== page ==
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Success Stories

Homeschooled Students Find a School to Call Home

Sarah Marquart
Community Facilities
C.O.R.E @ the Camptonville Academy's new Personalized Learning resource center, overlooking Ellis Lake in Marysville, California.

In Marysville, California, a unique charter school offers a special opportunity to homeschooled students: teachers and classrooms. C.O.R.E. (Community Options for Resources in Education) @ the Camptonville Academy serves 420 students from kindergarten through 12th grade. They follow Personalized Learning, a tailored model of one-on-one teaching with a focus on individual learning style. Students who learn at home, especially with limited access, such as those in the remote Yuba County foothills, can come to the Academy for specialized classes and attention, from math and science to 3D animation and robotics.

But for seven years, C.O.R.E. @ the Camptonville Academy struggled to offer what their students needed most—classroom space. Their facilities were so cramped that teachers had to share rooms, tutor in the parking lot or walk across the street to the Denny’s. After years of roadblocks to finding a new building, the school decided to look for an empty site. To their delight, what they found was a beautiful two acres next to Ellis Lake. But because of their independent study programming, typical education facility construction funds turned them down.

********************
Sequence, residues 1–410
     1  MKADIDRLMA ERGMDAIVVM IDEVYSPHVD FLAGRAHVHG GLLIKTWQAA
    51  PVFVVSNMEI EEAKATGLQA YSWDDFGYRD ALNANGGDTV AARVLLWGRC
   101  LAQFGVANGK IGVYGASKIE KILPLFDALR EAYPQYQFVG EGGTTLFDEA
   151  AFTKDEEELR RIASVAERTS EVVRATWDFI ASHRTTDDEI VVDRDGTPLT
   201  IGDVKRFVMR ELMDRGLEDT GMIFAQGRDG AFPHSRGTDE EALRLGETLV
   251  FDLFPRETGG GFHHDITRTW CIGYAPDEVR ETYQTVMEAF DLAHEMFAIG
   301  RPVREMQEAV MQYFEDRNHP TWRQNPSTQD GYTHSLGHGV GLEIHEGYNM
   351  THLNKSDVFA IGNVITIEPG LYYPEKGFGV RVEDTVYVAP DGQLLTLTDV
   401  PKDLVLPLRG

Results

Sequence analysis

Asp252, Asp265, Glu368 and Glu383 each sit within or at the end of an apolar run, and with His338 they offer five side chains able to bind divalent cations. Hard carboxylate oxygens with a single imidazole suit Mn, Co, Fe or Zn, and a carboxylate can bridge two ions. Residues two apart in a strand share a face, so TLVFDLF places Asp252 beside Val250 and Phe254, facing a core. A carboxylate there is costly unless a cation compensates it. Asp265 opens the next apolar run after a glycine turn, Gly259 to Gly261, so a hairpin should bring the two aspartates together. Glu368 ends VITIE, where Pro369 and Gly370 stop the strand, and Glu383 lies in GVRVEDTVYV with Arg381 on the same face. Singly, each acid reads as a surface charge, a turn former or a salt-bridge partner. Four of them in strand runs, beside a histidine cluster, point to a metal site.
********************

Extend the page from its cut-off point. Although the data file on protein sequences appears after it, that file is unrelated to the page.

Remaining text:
Then in 2009, the Academy found USDA Rural Development. They worked with Katie Schmitt, Community Programs Specialist, who toured the old building, visited the new site, walked them through every step and, finally, helped them receive a $2.5 million Community Facilities loan and $50,000 grant to build their new school. The 15,532 square foot facility is the first in the state to be built just for Personalized Learning, so in 2013 even Jed Wallace, president of the California Charter Schools Association, came to the ribbon cutting.

Now in their school’s first school year, kindergartners come up to staff to say that they are so proud of their new school. The 18 students working in the new school garden have planted fruit trees and are busy filling up a greenhouse. Astronaut Daniel Bursch came to speak about aviation and aeronautics. And there are more classes, clubs and tutors than ever before. “We’ve been focused on the facility for years,” says Director Chris Mahurin. “Now we’re finally able to just focus on the students.”

Obligation Amount:
Year(s) of Obligation:
Congressional District:
  • California: District 3